Oscar Gakuo Mwangi
In this article, I argue that statelessness in the Kenyan context needs to be seen as simultaneously a psychological and a physical condition determined by spatial-political boundaries rather than legal ones. This challenges the traditional approach to statelessness which sees it as primarily a legal matter of citizenship. In particular, I use the example of Somalis experiencing statelessness in Kenya in order to consider statelessness as a result of, and contributing to, ungoverned spaces, I also examine the implications of this for understandings of security. Kenya is a unique case study because of its proximity to Somalia, which is often referred to as a ‘collapsed state’.
Spatial-political understandings of statelessness
The importance of analyzing statelessness from a spatial-political approach rather than a legal one, is that it contributes to a much broader understanding of statelessness in the context of the relationship among politics, security and physical space. According to this approach, statelessness is determined by the interplay of politics and security in the space where one lives not by citizenship.
The space referred to in this case is ungoverned. This is a physical space or territory within a political entity, namely the state, but where the state is virtually absent. Violent armed non-state actors thrive in such spaces because of the absence of law and order. To this extent individuals, groups of individuals, norms, and so forth, in such spaces are not defined and determined by formal-legal institutions but rather by the intersection between politics and security.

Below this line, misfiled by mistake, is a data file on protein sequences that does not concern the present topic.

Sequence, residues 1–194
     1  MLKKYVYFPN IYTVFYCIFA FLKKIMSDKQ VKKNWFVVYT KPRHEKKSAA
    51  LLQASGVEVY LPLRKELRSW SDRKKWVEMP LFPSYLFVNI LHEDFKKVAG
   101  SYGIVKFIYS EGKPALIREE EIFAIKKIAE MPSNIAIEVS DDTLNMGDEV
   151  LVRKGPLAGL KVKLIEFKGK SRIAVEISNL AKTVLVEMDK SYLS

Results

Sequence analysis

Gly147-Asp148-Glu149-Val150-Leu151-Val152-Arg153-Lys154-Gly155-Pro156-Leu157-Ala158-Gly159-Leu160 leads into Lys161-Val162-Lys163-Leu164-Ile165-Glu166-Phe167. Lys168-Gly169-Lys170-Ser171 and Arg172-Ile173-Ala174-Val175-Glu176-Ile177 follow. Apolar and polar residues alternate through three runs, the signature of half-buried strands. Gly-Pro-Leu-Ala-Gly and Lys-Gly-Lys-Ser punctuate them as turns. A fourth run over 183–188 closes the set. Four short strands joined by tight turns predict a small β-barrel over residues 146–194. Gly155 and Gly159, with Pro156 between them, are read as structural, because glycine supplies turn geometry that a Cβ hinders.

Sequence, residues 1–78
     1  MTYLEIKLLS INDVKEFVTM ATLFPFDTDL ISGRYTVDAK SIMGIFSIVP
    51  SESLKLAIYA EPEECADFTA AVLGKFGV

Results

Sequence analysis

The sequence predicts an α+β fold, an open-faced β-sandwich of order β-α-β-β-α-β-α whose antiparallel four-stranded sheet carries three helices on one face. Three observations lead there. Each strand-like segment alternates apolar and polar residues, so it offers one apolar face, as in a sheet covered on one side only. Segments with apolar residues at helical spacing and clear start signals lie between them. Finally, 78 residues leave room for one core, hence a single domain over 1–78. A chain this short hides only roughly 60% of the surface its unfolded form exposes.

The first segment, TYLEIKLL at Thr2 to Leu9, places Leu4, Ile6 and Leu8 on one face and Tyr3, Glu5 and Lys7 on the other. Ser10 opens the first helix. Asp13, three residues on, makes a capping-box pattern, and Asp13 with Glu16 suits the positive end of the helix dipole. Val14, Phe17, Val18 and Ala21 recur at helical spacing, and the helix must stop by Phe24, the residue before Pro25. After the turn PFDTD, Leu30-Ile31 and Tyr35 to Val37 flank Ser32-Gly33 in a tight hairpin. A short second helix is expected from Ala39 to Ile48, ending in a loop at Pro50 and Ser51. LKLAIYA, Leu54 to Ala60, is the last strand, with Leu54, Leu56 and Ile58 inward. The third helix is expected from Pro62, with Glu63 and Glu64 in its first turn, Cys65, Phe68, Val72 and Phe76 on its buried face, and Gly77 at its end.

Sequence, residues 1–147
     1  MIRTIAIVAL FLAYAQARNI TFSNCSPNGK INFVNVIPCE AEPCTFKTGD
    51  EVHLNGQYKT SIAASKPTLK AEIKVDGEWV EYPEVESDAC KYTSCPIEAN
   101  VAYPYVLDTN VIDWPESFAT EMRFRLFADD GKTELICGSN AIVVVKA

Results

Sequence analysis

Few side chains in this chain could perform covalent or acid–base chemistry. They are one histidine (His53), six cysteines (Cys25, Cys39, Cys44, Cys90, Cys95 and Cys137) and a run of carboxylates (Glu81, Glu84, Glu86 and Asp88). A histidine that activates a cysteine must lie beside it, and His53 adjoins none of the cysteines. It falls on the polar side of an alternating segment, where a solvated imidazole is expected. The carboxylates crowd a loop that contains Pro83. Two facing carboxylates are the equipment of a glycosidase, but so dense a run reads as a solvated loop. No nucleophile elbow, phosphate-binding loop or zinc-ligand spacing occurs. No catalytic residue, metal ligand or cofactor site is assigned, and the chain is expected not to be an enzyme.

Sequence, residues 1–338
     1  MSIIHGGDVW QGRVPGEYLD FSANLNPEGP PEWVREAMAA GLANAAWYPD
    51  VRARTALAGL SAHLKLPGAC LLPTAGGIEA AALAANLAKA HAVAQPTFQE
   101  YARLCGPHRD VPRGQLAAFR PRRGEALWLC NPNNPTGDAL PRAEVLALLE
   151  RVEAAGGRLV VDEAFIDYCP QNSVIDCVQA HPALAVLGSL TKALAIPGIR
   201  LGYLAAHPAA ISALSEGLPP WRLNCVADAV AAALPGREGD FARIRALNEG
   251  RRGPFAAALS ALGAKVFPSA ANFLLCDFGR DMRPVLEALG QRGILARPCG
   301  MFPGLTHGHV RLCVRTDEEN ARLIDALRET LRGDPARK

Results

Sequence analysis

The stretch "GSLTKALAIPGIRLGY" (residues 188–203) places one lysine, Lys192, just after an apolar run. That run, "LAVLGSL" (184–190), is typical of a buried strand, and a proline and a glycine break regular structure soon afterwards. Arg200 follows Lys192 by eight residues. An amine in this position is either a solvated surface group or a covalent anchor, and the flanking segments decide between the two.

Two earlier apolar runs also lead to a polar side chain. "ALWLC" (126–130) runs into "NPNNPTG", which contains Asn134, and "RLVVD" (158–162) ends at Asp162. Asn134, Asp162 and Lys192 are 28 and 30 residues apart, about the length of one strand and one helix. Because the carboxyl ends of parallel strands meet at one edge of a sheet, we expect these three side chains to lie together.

Somalis in Kenya
Kenya’s proximity to Somalia makes it unique as a case study in the relationship among statelessness, ungoverned spaces and security. Somalia is often described as a collapsed state characterized by protracted conflict. The north-eastern region of Kenya, which borders Somalia, and is the focus here, covers approximately 22 percent of the country’s geographical territory. It contains slightly over 5 percent of the country’s population and is dominated by ethnic Somalis. Kenyan Somalis and Somali refugees residing in Kenya’s ungoverned spaces are, I argue, stateless persons.
Kenya’s ungoverned spaces cover over 80 percent of the country’s geographical territory. These regions have been economically and politically marginalized since the country’s independence in 1963 and the state is virtually absent within them. The north-eastern region is the most economically and politically marginalized in Kenya. Kenya’s Dadaab refugee camp, the largest refugee camp complex in the world, is found in this region. The majority of the refugees in the complex are Somalis.
Security, perceptions of threat, and statelessness
The region experiences a high number of terrorist incidents especially from the Somali-based Harakat Al-Shabaab Al Mujaheddin, commonly known as Al-Shabaab, a transnational terrorist group. Al-Shabaab, a predominantly a Somali organisation, aims to create an Islamic Caliphate in the region. It conducts most of its attacks in Kenya’s ungoverned spaces that are occupied by Somalis.